Interview: Sher Khan, the man behind the PIPA Touch

December 17, 2012 - 

PIPA Touch, a small biometric fingerprint scanner that fits into specially-designed phone cases has been gaining a lot of ground lately, landing media attention as well as finding new fans and investors every day.

Crowd-funding has seen increased adoption over the last few years as entrepreneurs look to leverage social media to get an idea off the ground early. Sher Khan, founder of PIPA Solutions and the PIPA Touch is no exception with his new biometric solution for mobile phone authentication.

I had a chance to sit down with Khan and ask about how PIPA Touch was formed, how the crowd-funding model has been working as well as some of his own priorities as an entrepreneur and a problem-solver.

“I’ve always liked to take things apart,” Khan said. “I love inventing stuff and then what happened, is I became conventional.”

Khan has a diverse background. He was born in India, but moved to England as a young child. He is an analyst in the investment banking sector, and has combined his immense understanding of engineering with an expertise in mathematics and business to bring his company to fruition.

A small team, Khan is the director for PIPA Solutions, and has three others he works with.

When asked about how the company was formed, Khan starts by talking about the problem he’s looking to solve.

“I hate carrying things around in my pocket. Then I started thinking, is this really necessary? It would be wonderful if you could live in a world where you don’t need to carry anything,” Khan said. “As long as you can be identified, that’s the solution.”

“There have been solutions around,” Khan said “but we have created a form-factor and a solution that makes this accessible. One of the weaknesses we found [in existing offerings] was that the infrastructure wasn’t there to support it. There were laptops that had scanners, and that was a disaster.”

“It was a real buzz, everyone wanted one,” Khan said “But the form-factor was wrong and the algorithms weren’t right.”

According to Khan, PIPA Touch comes from a combination of many of these issues, but something that continues to trouble the entrepreneur is our reliance on passwords for authentication.

“The amount of information people put on their phones is unbelievable, and they don’t even put a password on it. It’s too much of a pain to enter a password and people are lazy like me” the innovator said. “I don’t have a password on my phone.”

An advocate for convenience and a sensible right form-factor, Khan says a major roadblock in development was to create something that wasn’t cumbersome or awkward.

“The biggest challenge was that there’s no way I was going to come up with a solution that turns a phone into a brick and looks ugly.”

Striving to create a universal and accessible solution, Khan had to ensure the PIPA Touch is truly tech-agnostic, which came along with a number of considerations.

“It had to have it’s own battery,” Khan explains, telling me the company facilitated a feasibility study on this matter. Additionally, as smartphone manufacturers today strive for propriety, Khan had to create something that didn’t require a hard connection to the phone itself, because as Apple has displayed, that connection can change at the drop of a hat. PIPA Touch communicates with the device over a bluetooth connection.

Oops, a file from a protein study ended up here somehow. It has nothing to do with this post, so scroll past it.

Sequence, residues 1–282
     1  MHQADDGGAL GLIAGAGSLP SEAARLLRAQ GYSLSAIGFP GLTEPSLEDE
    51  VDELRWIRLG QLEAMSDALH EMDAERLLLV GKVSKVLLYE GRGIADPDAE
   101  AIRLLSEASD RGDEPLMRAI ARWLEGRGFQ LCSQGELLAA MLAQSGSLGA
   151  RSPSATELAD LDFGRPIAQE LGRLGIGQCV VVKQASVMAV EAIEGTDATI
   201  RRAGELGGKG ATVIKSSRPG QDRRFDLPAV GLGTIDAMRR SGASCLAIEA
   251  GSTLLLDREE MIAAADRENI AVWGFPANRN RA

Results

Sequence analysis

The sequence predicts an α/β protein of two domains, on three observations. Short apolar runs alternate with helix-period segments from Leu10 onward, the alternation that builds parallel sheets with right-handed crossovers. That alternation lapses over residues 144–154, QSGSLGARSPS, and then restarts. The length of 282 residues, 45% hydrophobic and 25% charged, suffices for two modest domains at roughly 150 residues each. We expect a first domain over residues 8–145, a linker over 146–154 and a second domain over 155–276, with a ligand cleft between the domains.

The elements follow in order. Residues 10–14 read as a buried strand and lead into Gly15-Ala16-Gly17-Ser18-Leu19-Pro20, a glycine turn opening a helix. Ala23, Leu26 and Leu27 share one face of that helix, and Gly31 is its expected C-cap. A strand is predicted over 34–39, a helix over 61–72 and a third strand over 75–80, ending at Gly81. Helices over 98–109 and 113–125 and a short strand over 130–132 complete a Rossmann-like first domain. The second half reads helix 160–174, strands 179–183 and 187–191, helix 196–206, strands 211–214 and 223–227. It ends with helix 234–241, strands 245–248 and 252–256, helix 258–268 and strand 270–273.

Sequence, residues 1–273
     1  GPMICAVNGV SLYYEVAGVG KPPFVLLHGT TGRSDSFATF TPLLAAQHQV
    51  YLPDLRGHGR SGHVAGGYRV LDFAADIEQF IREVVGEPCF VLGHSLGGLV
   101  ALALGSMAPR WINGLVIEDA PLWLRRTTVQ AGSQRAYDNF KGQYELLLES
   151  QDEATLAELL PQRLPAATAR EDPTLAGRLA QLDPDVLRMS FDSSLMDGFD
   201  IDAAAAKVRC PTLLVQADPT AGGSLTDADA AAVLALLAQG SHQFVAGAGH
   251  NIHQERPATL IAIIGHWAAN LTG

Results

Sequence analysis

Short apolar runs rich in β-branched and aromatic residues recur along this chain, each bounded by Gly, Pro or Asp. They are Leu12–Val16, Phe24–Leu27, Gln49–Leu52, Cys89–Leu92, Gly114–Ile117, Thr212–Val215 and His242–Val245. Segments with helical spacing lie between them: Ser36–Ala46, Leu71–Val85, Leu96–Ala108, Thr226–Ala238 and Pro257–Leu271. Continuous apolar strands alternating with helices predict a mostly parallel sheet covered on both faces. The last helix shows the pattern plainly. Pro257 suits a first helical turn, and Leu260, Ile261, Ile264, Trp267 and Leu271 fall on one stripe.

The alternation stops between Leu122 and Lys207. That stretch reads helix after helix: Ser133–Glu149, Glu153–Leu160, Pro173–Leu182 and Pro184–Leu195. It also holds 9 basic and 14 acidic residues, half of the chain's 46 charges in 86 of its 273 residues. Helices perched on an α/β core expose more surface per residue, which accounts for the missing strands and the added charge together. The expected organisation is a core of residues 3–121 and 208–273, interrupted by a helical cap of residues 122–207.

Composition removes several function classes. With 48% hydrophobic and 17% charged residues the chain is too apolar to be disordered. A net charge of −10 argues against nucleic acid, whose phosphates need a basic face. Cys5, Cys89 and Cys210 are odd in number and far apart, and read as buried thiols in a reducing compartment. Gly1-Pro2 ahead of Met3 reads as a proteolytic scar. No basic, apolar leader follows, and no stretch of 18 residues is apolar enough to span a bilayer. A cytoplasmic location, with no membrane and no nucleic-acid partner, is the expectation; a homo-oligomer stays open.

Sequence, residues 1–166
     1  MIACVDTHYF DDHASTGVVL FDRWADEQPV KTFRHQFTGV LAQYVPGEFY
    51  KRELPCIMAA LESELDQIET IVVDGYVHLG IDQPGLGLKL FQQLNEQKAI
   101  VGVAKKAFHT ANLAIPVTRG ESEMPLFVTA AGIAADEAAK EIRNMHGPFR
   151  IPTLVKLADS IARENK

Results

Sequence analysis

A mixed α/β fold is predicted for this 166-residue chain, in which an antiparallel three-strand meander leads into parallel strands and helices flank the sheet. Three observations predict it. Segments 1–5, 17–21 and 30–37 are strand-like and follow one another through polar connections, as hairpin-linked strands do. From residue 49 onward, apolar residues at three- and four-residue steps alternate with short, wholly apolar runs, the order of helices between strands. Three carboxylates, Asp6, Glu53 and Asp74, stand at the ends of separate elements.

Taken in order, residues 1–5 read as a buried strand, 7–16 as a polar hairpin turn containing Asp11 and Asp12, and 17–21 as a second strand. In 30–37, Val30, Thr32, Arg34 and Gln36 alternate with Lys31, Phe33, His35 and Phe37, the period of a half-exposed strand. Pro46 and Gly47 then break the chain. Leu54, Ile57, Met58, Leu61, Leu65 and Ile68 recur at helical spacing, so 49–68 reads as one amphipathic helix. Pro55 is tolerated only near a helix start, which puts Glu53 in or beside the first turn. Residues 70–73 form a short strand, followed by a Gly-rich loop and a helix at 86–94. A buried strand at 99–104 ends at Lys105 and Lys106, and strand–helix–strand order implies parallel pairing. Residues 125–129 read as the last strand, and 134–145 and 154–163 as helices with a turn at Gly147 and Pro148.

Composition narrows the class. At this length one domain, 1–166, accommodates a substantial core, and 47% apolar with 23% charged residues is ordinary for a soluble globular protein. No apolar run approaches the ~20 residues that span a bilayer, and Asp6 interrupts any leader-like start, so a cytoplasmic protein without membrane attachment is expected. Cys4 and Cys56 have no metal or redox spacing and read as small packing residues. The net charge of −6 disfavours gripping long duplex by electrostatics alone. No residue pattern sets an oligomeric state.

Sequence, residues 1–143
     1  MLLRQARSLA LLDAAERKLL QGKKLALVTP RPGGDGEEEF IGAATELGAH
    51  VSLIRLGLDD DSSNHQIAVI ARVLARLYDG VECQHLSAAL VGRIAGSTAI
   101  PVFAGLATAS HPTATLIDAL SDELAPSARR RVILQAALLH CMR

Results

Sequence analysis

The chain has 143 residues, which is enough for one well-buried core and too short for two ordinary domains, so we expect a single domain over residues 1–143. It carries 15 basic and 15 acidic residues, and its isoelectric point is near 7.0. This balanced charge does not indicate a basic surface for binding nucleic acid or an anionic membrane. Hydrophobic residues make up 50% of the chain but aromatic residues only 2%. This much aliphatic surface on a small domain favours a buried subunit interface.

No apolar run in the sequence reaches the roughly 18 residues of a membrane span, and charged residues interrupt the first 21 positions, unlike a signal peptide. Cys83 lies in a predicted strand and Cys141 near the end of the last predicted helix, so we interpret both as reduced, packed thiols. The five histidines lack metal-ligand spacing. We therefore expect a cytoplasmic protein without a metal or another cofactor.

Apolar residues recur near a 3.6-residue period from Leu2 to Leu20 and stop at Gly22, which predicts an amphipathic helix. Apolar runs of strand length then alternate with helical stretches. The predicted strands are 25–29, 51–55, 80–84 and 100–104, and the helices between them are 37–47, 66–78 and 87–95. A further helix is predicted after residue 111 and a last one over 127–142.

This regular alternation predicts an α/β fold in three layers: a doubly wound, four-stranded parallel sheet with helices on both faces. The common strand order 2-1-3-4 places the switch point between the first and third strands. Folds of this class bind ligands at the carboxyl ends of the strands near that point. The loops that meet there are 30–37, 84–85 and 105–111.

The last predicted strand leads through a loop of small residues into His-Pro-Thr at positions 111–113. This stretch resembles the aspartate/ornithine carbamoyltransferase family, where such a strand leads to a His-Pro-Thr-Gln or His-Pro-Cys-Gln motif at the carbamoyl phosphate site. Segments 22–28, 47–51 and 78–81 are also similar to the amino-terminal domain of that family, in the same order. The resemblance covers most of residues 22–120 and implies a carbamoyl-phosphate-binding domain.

Though an extra battery is something the average user hates to consider, Khan tells me longevity is hardly an issue. At 100 unlocks per day, the battery in the PIPA Touch has five-days of battery life.

The PIPA Touch works by converting your fingerprint image into a 16-character long pin-sequence. It uses this pin-sequence to identify the user and subsequently unlock the phone and sites that require password authentication. Users can introduce custom fingerprint sequences for an additional layer of security.

“Each site uses a randomly-generated password,” Khan said. “By doing that, we already strengthen the system significantly. There is no key-logging.”

Though Khan thinks passwords are a precarious solution at best, he says the PIPA Touch adds an extra level of security, as it can do a deeper analysis of a website to determine if its virus-laden, before entering a password on the user’s behalf.

“Because we aren’t going to be relying on the human eye to identify a website, [PIPA Touch] reduces duping.”

Currently, PIPA Touch has a campaign listed on indiegogo and has raised roughly 10 percent of its US$100,000 goal.

“I wanted to create a lobby through this crowd-funding model,” Khan said. “Crowd-funding is a new phenomenon and I think there are [traditionally] so many gatekeepers that trying to get an idea through is a nightmare.”

According to Khan, crowd-funding also makes sense from an investment perspective because it gives an early indication of market adoption.

“Crowd-funding provides you a brutal solution to this guesswork,” Khan said “I love anything that bypasses convention and gives an underdog – like myself – a boost.”

“To be honest, I don’t know what to anticipate, as it’s the first time. I love the [crowd-funding] concept – it’s an experiment and we’ll have to see how things turn out.”

Khan plans to make the PIPA Touch development kit widely accessible, so users can customize their own experience and find new exciting applications.

PIPA Touch’s indiegogo campaign ends January 3, 2013 and contribution packages range from US$1-$1,000.

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About Adam Vrankulj

Adam Vrankulj is an editor for BiometricUpdate.com. His background consists of online news writing, editing and content marketing. Adam has written for CBCNews.ca, BlogTO and was the editor and curator for the nextMEDIA and CIX Source publications. He has a degree in journalism and is passionate about science, technology and social innovation. Contact Adam, or follow him at @adamvrankulj